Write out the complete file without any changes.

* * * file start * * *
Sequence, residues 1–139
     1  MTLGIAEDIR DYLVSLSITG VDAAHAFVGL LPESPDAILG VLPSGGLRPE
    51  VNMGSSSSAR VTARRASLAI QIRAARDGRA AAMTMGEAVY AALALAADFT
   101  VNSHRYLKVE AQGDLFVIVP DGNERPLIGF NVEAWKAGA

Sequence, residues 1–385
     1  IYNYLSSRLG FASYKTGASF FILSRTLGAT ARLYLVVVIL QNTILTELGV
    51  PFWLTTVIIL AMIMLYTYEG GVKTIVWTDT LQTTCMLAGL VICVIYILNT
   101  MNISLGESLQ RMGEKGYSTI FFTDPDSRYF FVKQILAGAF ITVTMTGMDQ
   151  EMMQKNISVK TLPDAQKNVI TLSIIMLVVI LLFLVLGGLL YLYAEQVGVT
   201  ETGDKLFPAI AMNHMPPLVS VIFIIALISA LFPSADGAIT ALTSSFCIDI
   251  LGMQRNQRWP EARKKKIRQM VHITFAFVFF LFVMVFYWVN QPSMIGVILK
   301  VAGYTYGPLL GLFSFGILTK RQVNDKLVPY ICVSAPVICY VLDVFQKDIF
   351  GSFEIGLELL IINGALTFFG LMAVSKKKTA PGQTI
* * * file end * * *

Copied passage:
Sequence, residues 1–139
     1  MTLGIAEDIR DYLVSLSITG VDAAHAFVGL LPESPDAILG VLPSGGLRPE
    51  VNMGSSSSAR VTARRASLAI QIRAARDGRA AAMTMGEAVY AALALAADFT
   101  VNSHRYLKVE AQGDLFVIVP DGNERPLIGF NVEAWKAGA

Sequence, residues 1–385
     1  IYNYLSSRLG FASYKTGASF FILSRTLGAT ARLYLVVVIL QNTILTELGV
    51  PFWLTTVIIL AMIMLYTYEG GVKTIVWTDT LQTTCMLAGL VICVIYILNT
   101  MNISLGESLQ RMGEKGYSTI FFTDPDSRYF FVKQILAGAF ITVTMTGMDQ
   151  EMMQKNISVK TLPDAQKNVI TLSIIMLVVI LLFLVLGGLL YLYAEQVGVT
   201  ETGDKLFPAI AMNHMPPLVS VIFIIALISA LFPSADGAIT ALTSSFCIDI
   251  LGMQRNQRWP EARKKKIRQM VHITFAFVFF LFVMVFYWVN QPSMIGVILK
   301  VAGYTYGPLL GLFSFGILTK RQVNDKLVPY ICVSAPVICY VLDVFQKDIF
   351  GSFEIGLELL IINGALTFFG LMAVSKKKTA PGQTI